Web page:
Not so long ago I worked in the NDIS sector. I really loved my team there, pity about the manager. It only takes one to spoil the apple cart. I had to do many NDIS plans. I liked doing them. I liked meeting the clients. I like to think I was pretty good at them too. Of course, being deaf, communication could be problematic. For these meetings I always booked Live Remote Captioning. I could have chosen Auslan interpreters, but my reasoning for captioning was that the clients were already in a vulnerable position. They were disclosing personal information. The person doing the captioning was invisible, because they delivered it remotely and online. Having one less person in the room was my way of making it more comfortable for the client.
I am well aware that I am privileged here. I have good speech (for a DEAF GUY ANY WAY :-D) That meant that I could speak, use the captioning and carry out the meeting. The added benefit was that I would get a full transcript of the meeting. This helped me in the final writing of the plan and ensured I had no excuse for missing anything.
It is interesting because when I began my career, captioning was not available. Interpreters were barely available. I remember Barb, the accountant, was a CODA. She interpreted for me. We made hundreds of cold canvassing calls to get Deaf people into work. John was a CODA too. He managed the fledging interpreter service. I would grab him when I could. Vanessa shared an office with me, sometimes she would interpret too. The year was 1989.
Interpreting grew over time. I was one of the first in South Australia to receive interpreting paid for by the University. I had Barb, Heather and Karin. All wonderful interpreters. I remember having to fight my social work lecturer to keep them in the class. He reckoned they had no place in his class cos in real life, I wouldn’t be able to work with interpreters. How wrong he was. I wish I could see him now and give him the bird. It would be so satisfying.
So, I graduated and started work. In truth, I worked and studied. In those early days the phone was always a problem. I would apply for jobs; they would ask me about the phone. I would have to confess that I couldn’t. Try to sell the idea of job trading. You know, I’d do extra paperwork, someone would do my calls. Often, I lost out on jobs because I couldn’t take incoming calls. It was a hard slog.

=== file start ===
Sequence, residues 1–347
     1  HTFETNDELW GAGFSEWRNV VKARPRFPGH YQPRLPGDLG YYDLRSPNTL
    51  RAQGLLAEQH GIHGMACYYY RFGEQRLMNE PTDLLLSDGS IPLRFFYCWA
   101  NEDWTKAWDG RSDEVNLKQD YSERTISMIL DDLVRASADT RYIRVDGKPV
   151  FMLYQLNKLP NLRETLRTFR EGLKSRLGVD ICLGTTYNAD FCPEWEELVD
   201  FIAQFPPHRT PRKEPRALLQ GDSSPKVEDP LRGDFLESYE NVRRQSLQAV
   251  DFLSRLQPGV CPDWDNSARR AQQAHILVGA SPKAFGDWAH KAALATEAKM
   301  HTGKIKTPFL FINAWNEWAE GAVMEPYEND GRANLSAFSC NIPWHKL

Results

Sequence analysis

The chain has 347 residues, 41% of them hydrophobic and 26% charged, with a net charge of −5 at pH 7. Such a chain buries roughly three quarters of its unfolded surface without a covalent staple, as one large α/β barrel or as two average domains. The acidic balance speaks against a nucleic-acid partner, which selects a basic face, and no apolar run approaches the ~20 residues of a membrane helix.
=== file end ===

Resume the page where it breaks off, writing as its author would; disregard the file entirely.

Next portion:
Then in 1994 the National Relay Service came. Finally, I could use the phone, albeit through a third person. They could call me too. I had to train them how, but most were accommodating. I had a TTY (before the times of Jobaccess. The employer had to buy it) I had a flashing light too so that I knew when my phone was ringing. These were heady days. Ordering pizza, making dates with girls I had met in the pub and actually using the phone at work. WOOOOAHHHH!
Then it was the mobile phone. By golly wasn’t that brilliant. I remember at the start you could only send an SMS to people who had the same carrier, Telstra to Telstra, Optus to Optus etc. If memory serves me right, Robert Adam started a campaign to get carriers to allow text to different carriers.
Before that I had a Hutchinsons pager. I could receive messages but not send any. Now I could actually communicate with someone direct, no third person. OOOOH!! It was addictive. We sent thousands of texts. Blimey, it was expensive at 25cents a text. I know many a deaf person that got in heaps of financial strife cos they went batty with texts. But that changed over time to unlimited texts. And rightly so, given that a text at the time cost something like .00000000000017 cents.
Independence grew every year as technology improved. Opportunities for deaf people improved with it. Email was the next big step. You could cut out the phone altogether and just email. I say could, but hearing professionals love talking on the phone. When they could email, they would call. When they could text, they would call. Getting them to change a habit of a lifetime is harder than taking a bone from a determined dog, and almost as dangerous.
In 2006 we had another breakthrough. The Howard Government introduced Auslan for Employment. It was a shabby policy at the time. Just $5000, once off. Then the employer was expected to pay. So we campaigned hard to change this. Luckily for us, Howard got kicked out on his sorry arse (I’ve never forgiven him for Tampa.) Rudd came in and Shorten was his Parliamentary Secretary for Disability. Soon enough Auslan for Employment was an annual $6000 for everyone.
It has not increased since. It’s still shabby policy because it doesn’t consider different needs, demands, regions, duties etc – BUT – it opened doors and opportunities for many Deaf professionals in that it allowed them to participate more in the workplace, be involved actively with meetings, training and so on. For all of its faults, Auslan for Employment has been a life saver for many Deaf people.
Then there was real time captioning. Then Live Remote Captioning. I remember attending the University of Melbourne where Matthew Brett demonstrated how it could work for students. I was on the Deafness Forum Board and we had a conference. AI media demonstrated how it worked. Way back in 2004 or 2005 The University of Sunshine Coast were flogging an IBM system where lectures were all recorded and converted to text by voice recognition. An admin person would correct any errors and within 24 hours they would place the recordings of lectures, with the corrected captioning, online.